One of the primary dangers of majority rule is that it confers an aura of legitimacy and respectability to acts that would otherwise be deemed tyrannical. Think about it. How many decisions in your life would you like made through majority rule? What about what car we purchase, where we live and whether we should have ham or turkey for Thanksgiving dinner?
Sometimes life forces us to make decisions, even when we don't have enough information to know how the decision will turn out. The risks may be even greater when people make decisions for other people. Yet there are some who are not only willing, but eager, to take decisions away from those who are directly affected.
While I hope we can take President Trump at his word when it comes to foreign policy, I also we think we should hold him to his word — especially his encouraging words last week.
Mr. Trump, I suggest that you add to your goal of making America great again the following statement: “America became great, not because of what government did, but because of what government was prevented from doing by the U.S. Constitution.”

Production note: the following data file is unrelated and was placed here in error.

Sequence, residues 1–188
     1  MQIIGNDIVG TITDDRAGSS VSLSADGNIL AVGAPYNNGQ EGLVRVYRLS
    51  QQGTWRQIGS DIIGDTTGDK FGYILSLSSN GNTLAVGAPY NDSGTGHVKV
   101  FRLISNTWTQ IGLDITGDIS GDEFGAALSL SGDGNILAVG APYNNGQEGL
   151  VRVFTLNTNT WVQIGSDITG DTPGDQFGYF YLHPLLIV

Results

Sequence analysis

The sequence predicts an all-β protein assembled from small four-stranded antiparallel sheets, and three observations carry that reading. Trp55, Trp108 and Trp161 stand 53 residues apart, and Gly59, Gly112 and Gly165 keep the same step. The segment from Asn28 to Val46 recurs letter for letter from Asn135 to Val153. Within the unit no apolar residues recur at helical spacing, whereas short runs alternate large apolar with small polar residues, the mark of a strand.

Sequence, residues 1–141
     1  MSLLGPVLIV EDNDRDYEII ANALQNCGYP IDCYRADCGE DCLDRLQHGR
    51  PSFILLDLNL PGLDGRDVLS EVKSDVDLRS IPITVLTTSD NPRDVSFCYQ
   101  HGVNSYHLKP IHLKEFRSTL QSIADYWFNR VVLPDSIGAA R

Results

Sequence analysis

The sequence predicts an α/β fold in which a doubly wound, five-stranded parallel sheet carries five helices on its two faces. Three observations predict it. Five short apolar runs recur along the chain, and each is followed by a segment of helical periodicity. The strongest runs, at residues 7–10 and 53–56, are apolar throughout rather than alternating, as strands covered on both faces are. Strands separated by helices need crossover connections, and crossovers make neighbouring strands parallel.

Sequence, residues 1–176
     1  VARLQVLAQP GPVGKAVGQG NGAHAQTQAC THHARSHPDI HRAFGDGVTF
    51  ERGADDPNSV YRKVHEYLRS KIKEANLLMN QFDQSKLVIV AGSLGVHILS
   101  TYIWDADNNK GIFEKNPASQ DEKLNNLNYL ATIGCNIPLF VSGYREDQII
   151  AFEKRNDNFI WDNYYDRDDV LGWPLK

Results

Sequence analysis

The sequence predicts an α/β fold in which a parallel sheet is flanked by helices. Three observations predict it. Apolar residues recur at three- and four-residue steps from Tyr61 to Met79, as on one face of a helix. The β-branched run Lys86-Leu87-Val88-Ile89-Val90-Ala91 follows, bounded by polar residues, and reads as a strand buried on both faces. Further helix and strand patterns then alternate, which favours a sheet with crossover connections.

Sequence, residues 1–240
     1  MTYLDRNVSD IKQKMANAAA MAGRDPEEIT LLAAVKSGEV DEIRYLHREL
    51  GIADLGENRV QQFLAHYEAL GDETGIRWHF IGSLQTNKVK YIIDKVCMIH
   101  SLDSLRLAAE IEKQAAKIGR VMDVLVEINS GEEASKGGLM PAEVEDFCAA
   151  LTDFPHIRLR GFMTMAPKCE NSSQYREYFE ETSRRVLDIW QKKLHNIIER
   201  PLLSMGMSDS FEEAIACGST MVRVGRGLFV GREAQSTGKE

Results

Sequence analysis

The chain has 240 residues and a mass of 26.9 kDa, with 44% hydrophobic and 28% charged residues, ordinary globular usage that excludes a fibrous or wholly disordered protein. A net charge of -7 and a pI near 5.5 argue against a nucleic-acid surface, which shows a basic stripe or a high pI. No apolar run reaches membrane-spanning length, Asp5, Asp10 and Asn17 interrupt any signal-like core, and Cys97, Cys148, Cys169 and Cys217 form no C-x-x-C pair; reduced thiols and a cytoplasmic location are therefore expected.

After the votes of the people in the recent election were counted, the projected Electoral College totals showed that Donald Trump should win the presidency by 306-232. But partisans of the “Never Trump” movement and others can’t bring themselves to accept the Trump victory. They are hard at work trying to persuade Electors to vote for someone other than the GOP’s victorious candidate.
One response to federal encroachment is for state governments to declare federal laws that have no constitutional authority null and void and refuse to obey them. In other words, they should nullify federal laws that violate the Constitution.
Those of us who understand that changing monetary policy is the key to making America great again must redouble our efforts to convince Congress and the new president to audit, then end, the Federal Reserve.